Yes, many old open-air mines have been turned into nice parks and lakes, have seen several of them. But during the decades the mines are operating, it is just about the ugliest thing to be seen, and displacing whole villages, like the ones in East Germany. Also, the original landskape form is gone forever.

Vince Causey
Reply to  Alexander Feht
October 20, 2014 8:04 am

They won’t be cut down because it will be cheaper for the owners to leave them there where they will at least harvest some subsidy – unless they reckon on huge scrap values. I don;t know, but it seems once the expense has been sunk, the economics dictates keeping them there till they fall down.

Non Nomen
October 19, 2014 10:42 pm

>>…if and when sanity returns to the Western world.<<
Wait until the cows come home.

October 20, 2014 12:00 am

I just watched the Owen Patterson lecture.
That guy should be Prime Minister. Not that moron Cameron.

October 20, 2014 7:06 am

The Poles started the rollback of communism and they can do the same against policy driven science fraud. The similarities are there with the former regime: stagnant economy, heavy-handed overseers, regional proxy leaders, flimsy dogma, broken promises, and money extraction.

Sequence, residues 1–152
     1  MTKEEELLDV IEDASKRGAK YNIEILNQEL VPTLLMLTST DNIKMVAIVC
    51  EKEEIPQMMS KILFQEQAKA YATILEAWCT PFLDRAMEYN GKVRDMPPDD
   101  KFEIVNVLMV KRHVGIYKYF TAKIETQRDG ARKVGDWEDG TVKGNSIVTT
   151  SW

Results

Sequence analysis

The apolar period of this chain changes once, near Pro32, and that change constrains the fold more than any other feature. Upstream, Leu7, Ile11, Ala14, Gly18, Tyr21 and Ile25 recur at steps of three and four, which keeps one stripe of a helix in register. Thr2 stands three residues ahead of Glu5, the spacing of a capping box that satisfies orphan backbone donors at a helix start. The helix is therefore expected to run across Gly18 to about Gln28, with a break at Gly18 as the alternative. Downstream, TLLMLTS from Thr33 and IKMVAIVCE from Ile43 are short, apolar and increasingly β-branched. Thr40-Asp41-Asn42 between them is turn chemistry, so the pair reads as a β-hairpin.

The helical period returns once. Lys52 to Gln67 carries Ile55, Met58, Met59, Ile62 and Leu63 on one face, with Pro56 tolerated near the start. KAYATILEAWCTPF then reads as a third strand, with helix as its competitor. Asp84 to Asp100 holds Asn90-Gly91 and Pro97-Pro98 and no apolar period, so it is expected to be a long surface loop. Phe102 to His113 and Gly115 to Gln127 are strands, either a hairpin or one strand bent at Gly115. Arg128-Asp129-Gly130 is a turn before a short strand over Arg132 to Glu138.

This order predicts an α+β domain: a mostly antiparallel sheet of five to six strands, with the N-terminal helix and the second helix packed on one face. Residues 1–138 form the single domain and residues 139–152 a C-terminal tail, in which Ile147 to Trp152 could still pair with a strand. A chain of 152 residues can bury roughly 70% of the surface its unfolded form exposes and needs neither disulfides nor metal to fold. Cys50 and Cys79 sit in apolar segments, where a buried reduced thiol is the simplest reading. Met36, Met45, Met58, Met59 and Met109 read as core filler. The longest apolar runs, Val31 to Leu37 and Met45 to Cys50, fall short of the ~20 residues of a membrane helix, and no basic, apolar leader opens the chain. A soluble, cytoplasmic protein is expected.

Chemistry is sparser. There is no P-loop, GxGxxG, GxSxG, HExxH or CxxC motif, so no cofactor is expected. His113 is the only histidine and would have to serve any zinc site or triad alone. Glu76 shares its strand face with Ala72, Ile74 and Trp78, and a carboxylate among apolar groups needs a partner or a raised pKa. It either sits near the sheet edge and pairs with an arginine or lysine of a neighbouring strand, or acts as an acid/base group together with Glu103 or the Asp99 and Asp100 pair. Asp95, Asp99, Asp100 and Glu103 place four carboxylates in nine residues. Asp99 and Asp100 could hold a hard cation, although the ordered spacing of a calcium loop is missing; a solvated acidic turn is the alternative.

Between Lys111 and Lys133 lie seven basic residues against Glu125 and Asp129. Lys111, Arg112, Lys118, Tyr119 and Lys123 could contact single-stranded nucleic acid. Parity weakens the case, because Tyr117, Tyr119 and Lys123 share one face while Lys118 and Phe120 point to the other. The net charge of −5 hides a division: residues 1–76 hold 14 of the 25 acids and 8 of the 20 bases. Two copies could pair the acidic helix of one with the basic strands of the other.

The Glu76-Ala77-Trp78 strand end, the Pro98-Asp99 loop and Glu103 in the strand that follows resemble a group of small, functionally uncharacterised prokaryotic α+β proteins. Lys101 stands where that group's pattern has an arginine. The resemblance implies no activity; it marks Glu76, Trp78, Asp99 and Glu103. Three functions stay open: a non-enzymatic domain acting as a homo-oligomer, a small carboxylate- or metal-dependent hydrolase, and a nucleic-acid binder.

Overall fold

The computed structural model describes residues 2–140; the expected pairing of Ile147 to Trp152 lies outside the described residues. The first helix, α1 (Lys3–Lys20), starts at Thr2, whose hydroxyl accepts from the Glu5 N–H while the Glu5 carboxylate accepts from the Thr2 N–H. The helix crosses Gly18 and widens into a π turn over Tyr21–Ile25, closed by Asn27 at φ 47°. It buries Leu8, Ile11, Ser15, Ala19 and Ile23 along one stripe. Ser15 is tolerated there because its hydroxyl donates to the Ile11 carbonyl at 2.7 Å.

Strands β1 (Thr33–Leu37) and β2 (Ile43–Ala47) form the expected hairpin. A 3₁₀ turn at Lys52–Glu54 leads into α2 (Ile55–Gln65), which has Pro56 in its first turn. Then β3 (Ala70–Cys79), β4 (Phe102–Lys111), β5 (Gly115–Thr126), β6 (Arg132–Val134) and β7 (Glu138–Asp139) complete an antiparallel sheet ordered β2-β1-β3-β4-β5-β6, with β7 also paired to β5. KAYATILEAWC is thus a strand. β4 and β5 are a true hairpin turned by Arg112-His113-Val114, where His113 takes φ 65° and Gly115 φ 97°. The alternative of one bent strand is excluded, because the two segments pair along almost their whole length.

Reply to  Resourceguy
October 20, 2014 10:51 am

Yep, Poles are the guardians of European common sense and dignity. Cheers to ’em!

October 20, 2014 7:13 am

Although it is hard for me to understand the nuances of European politics, I think this instance shows some backbone by the Polish government. Makes me proud of my Polish heritage from my mother.

Vince Causey
Reply to  John Whitman
October 20, 2014 8:09 am

yes, but Polish government aren’t in thrall to green NGOs and all the rest. Where is their equivalent of the Guardian, left leaning BBC, FOE, David Attenborough and Brian Cox? Where are their Cleggies and Millibands? Where are their poley huggers and occupiers?

October 20, 2014 8:48 am

Vince Causey on October 20, 2014 at 8:09 am
– – – – – – – –
Vince Causey,
I do not know.

October 20, 2014 8:49 am

Poland: Defender of Freedom!

Reply to  notfubar
October 20, 2014 11:04 am

I agree

James at 48
October 20, 2014 9:05 am

Frackin’ awesome!